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Clerks and Chasing Amy: Two Screenplays Paperback – March 27, 1997

4.6 out of 5 stars 33 customer reviews

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Product Details

  • Paperback: 336 pages
  • Publisher: Miramax; 1st edition (March 28, 1997)
  • Language: English
  • ISBN-10: 0786882638
  • ISBN-13: 978-0786882632
  • Product Dimensions: 6.1 x 9.2 inches
  • Shipping Weight: 1.2 pounds
  • Average Customer Review: 4.6 out of 5 stars  See all reviews (33 customer reviews)
  • Amazon Best Sellers Rank: #446,652 in Books (See Top 100 in Books)

Customer Reviews

Top Customer Reviews

Format: Paperback
If you're here considering buying the screenplays in the first place, and are just looking for a little assurance that it's OK, then I say go on! Do it! If you haven't seen the movies and are going to just buy the script, well... we all have our little absurdities. Take for granted that you need to see the movies, it's meant to be seen that way. If for some reason you hate movies... well I think you might still find reading the script rewarding. The humor is still quite evident. In fact some of it was so plainly ridiculous that I find myself ready to spurt out with a laugh just thinking about it. Mr. Smith is uncannily refreshing with his lack of a strong superego - many people will find some of the dialogue gross. If you can get past that, and you should, you will discover a very warm, ironic writer who, in this writers opinion, is having a great impact already on this generation, and hopefully will continue on through the years. Three Cheers for Smith!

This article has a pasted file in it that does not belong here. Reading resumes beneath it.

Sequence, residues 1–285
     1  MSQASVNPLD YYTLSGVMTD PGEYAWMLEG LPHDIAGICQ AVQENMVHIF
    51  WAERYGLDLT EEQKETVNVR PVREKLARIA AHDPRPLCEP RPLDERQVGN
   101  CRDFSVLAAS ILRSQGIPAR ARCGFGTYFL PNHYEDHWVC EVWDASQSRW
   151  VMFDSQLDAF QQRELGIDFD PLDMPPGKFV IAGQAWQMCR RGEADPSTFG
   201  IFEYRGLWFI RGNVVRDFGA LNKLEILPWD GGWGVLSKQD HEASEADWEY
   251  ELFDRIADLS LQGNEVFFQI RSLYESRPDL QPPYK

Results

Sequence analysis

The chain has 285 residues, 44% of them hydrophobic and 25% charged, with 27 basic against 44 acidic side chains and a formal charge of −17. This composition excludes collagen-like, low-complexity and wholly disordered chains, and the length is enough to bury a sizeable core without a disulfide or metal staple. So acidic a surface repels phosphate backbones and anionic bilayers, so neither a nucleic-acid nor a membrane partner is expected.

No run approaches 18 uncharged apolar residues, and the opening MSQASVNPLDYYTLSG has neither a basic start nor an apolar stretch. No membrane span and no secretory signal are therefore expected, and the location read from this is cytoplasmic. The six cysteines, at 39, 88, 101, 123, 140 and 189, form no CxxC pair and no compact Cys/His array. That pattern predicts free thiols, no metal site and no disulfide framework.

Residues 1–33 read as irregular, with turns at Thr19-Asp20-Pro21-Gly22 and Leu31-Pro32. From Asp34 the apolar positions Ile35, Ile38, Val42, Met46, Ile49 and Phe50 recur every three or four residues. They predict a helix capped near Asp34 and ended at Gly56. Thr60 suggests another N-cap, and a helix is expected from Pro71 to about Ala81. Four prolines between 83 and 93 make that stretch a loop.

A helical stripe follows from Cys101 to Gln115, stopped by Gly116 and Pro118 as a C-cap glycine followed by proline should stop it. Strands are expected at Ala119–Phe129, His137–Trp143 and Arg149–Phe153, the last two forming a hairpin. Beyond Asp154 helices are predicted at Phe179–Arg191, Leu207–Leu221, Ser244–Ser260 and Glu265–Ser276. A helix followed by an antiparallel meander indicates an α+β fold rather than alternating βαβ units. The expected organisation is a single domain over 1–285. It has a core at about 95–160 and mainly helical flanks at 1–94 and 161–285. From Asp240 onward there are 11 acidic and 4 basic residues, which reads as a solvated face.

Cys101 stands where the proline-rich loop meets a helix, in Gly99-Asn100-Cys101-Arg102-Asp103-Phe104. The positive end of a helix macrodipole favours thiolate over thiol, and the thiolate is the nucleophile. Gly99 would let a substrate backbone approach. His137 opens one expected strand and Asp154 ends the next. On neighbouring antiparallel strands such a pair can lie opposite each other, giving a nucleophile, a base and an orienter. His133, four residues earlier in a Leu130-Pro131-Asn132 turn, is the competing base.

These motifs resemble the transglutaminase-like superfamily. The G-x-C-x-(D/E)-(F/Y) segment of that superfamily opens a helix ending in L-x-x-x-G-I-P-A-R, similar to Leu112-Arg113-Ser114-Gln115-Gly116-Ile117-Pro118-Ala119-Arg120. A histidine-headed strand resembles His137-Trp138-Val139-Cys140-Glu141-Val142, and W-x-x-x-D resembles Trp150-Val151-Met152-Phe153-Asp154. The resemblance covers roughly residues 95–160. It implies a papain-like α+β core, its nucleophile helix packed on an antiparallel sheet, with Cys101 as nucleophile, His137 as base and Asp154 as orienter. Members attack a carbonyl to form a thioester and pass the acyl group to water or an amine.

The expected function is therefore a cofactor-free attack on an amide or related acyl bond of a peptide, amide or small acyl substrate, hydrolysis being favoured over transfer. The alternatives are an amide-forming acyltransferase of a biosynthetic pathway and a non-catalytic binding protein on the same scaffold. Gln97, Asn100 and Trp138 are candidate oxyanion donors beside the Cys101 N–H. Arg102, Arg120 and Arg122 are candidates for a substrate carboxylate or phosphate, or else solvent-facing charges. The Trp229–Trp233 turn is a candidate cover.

As a footnote, I should add that there is a fairly worthwhile introduction by the writer. Furthermore, there is (Especially in 'Amy') quite a bit of dialogue that is cut or altered, and even sometimes added to. And, of course, the comics.
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Format: Paperback Verified Purchase
I really enjoy Chasing Amy, so I wanted to read the script for it. The fact that Clerks was also included was just a bonus. The book was in somewhat rough shape, but that was made up for by the surprise I noticed. While unboxing, I noticed someone had scribbled all over the cover in permanent marker. This somewhat annoyed me, so I went to go scrub it off. Just as I was about to proceed, it occurred to me that I'm probably an idiot and it must be Kevin Smith's signature. Evidently, it was his signature. I went online and looked to confirm it.
I'm sure the volume of merchandise that he signs totally saturates the market, and I wasn't thinking in terms of selling it and making money off of it, but it's just a nice unexpected thing, I guess.
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Format: Paperback
Kevin Smith sells himself a bit short with that comment (through one of his characters) because behind the obscenities in both works, Smith makes intelligent commentary about youthful angst. In addition to the razor-sharp wit, Smith's other great gift as a storyteller is the ability to deliver social insights through his characters. In Clerks, when Randall reprimands Dante for constantly shirking personal responsibility for Dante's actions, Smith is talking to all of us. Smith's characters in both works are immature but by the end have hopefully learned something that makes them grow, even if just a bit. Maybe we could be so lucky.
This book is a great read AFTER you have seen the movies. It contains enjoyable scenes that unfortunately did not make it into the films. If you haven't had the pleasure of viewing the movies, I won't disclose the plot here even in summary as I would not want to spoil your enjoyment of the films. And if you've seen the films, no summary is necessary.